|Title||Jewish household structure in an early modern town: The Worms ghetto census of 1610|
|Publication Type||Journal Article|
|Year of Publication||2003|
|Journal||The History of the Family|
|Keywords||article, Census, Family Structure, Germany, Ghettos, Households, Jewish ghetto, Jews, Seventeenth Century, Worms|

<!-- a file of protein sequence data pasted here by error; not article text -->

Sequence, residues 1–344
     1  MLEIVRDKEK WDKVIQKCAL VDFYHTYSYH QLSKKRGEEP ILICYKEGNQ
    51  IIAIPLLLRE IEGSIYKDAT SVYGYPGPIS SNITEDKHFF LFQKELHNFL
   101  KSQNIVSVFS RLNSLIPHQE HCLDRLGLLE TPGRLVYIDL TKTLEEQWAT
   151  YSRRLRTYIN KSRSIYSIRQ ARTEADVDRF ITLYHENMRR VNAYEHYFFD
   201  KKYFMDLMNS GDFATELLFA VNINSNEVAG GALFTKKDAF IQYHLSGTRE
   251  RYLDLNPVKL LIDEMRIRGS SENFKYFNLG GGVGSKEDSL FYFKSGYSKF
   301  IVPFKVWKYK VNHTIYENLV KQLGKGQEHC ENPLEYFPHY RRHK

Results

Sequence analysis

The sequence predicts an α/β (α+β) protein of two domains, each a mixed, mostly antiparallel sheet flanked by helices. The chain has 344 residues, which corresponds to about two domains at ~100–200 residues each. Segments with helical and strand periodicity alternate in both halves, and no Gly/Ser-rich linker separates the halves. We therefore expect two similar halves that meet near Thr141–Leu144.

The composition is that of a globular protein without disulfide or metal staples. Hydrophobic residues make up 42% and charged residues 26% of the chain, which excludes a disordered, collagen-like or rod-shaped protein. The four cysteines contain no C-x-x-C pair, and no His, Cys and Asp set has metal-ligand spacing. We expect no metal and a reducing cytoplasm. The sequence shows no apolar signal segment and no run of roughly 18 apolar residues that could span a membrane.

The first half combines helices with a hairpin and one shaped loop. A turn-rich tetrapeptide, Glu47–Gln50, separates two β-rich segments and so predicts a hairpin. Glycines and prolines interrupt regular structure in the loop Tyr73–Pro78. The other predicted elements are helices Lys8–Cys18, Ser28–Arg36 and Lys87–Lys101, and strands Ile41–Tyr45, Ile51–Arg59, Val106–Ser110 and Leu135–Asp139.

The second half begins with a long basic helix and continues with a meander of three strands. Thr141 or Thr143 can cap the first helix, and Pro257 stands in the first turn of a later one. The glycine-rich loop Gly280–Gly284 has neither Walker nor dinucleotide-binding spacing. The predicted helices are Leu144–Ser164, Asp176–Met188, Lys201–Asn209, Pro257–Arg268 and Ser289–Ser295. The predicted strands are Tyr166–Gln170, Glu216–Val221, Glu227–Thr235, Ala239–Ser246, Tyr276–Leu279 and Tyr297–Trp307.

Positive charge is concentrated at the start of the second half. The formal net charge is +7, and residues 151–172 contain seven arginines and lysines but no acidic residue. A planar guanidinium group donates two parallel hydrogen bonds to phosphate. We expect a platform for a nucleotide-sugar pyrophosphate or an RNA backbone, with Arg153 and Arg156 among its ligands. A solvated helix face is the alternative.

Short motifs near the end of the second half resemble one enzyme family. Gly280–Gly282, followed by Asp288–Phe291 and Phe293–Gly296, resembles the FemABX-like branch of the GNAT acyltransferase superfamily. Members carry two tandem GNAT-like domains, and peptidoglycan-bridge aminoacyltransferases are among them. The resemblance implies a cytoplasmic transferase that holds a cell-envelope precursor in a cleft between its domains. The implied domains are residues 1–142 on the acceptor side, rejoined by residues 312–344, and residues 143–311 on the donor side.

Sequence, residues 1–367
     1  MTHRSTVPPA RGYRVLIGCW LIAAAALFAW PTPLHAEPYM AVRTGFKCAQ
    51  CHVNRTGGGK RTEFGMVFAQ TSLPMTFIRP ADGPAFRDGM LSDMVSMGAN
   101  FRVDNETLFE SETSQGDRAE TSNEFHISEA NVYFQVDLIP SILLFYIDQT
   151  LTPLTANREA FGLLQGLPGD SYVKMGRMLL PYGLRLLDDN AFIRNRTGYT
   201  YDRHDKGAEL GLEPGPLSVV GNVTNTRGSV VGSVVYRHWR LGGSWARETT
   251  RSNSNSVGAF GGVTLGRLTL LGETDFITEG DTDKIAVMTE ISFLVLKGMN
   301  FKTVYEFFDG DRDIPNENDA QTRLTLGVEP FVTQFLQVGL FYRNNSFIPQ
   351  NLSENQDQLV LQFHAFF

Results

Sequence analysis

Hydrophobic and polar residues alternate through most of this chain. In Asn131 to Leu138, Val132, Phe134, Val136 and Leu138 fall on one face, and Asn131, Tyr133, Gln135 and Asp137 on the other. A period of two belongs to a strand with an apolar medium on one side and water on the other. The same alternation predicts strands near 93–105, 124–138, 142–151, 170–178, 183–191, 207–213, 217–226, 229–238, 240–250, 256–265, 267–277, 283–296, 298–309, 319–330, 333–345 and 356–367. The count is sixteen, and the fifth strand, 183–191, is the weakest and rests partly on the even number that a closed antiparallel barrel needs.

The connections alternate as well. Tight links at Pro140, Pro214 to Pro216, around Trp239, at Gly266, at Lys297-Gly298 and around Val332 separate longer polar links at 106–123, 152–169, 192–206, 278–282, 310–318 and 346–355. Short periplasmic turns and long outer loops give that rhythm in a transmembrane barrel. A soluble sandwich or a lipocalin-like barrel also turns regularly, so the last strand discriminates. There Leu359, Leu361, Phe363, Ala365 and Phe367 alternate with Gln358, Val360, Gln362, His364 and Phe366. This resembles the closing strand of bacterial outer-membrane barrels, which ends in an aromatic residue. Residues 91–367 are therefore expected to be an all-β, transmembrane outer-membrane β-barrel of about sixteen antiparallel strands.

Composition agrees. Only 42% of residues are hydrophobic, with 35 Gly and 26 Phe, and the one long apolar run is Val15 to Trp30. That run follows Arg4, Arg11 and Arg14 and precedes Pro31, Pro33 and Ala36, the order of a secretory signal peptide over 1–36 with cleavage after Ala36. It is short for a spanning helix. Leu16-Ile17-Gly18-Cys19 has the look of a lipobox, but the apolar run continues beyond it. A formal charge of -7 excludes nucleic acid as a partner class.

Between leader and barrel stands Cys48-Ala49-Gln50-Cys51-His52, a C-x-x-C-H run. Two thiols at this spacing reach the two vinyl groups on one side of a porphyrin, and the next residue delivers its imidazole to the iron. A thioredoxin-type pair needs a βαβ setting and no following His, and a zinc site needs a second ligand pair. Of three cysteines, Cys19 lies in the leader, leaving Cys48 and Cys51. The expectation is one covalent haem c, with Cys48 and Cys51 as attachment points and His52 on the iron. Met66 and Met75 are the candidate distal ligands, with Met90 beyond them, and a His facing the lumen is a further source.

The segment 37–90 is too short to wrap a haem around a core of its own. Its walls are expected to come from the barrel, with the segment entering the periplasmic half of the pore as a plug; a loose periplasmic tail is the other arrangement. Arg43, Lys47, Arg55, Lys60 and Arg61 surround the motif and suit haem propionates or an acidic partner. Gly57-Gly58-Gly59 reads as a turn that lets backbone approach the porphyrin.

Abstract: In July 1610, municipal officials of the German city of Worms conducted a visitation of the city's Jewish ghetto. The visitation resulted in a remarkably precise census of this Jewish community, which was one of the largest in early modern Germany. In 1610, the Jewish community of Worms had a total of 759 inhabitants living in 95 households plus some additional indigents living in communal institutions. A total of 619 of those living in households (81.6%) belonged to the householders' own families while 140 (18.4%) were students, servants, or other nonrelatives. Households ranged in size from 1 to 21 inhabitants. The median household size was seven persons. Thirty-three percent of the Jewish households of Worms included more than one conjugal unit, typically the householding couple plus one or more married children.